However, given Hillary's "lukewarm" reception in her own state, it appears that many African-Americans (and perhaps other minorities) do not share my disposition. With elections in Southern states approaching quickly (South Carolina on January 26th and Florida on January 29th), Clinton will most likely reacquaint herself with minority voters in the Las Vegas debate tomorrow.

(Photo by Evan Vucci/AP)

Sunday, January 13, 2008

Republicans weak in General Election Poll

A poll released yesterday by CNN/Opinion Research Corp. shows that Republican will have a "tough general election." To simlify the results:

Clinton and Obama have more than 50% of the votes if they're matched up head-to-head with either Romney, Giuliani, or Huckabee. If they're matched up with McCain, they're basically even.

Results:---- Will vote(if nominated) -------Will consider--------Will not vote for
Clinton --------------37%-------------------------19%
Obama --------------30%
Romney-------------13% --------------------------------------------------62%
Giuliani --------------------------------------------------------------------55%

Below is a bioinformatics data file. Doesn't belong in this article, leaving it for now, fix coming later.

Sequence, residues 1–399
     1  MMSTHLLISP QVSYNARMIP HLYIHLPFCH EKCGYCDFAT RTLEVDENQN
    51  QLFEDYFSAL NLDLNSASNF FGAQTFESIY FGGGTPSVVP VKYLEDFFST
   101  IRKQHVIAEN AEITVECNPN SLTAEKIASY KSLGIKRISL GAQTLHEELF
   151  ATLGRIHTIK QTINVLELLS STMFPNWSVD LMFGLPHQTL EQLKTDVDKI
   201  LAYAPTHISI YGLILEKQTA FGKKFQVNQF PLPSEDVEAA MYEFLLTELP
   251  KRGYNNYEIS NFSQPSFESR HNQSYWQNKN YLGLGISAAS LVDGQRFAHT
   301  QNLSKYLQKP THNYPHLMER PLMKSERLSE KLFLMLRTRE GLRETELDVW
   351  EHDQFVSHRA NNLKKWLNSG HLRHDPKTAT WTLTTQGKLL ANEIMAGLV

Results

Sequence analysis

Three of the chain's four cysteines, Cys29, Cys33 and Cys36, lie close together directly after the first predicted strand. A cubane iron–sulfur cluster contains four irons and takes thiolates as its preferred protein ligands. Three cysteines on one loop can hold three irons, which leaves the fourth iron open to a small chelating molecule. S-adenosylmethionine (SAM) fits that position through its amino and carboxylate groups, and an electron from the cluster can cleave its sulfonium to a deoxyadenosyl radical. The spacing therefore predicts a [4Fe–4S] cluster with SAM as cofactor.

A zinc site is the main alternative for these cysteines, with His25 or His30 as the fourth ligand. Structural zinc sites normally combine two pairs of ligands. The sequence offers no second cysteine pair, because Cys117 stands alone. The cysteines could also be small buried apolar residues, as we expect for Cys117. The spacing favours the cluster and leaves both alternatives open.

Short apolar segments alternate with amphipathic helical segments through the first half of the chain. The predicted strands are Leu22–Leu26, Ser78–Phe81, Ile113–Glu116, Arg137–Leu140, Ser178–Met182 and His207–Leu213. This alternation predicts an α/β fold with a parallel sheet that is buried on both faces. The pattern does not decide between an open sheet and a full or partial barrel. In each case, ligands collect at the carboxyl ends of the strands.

Huckabee--------- 38%----------------30%
-Mccain is the only candidate close to Obama in the Favorable/Unfavorable numbers. Obama's number weren't given in this poll. McCain is also only Republican with more than 50% approval.

Notes: Telephone survey of about 1000 Americans, 850 of whom were registered voters, the results have a margin of error of plus/minus about 3%.

This poll doesn't provide a lot of new information, except that even though Romney's leading the GOP in number of delegates, he'll need a pretty big comeback to not only win the nomination, but the general election as well. McCain appears to have a significant advantage over Huckabee. This poll once again shows the Democrats advantage in the general election. I'd be interested to see the results of this same poll after South Carolina.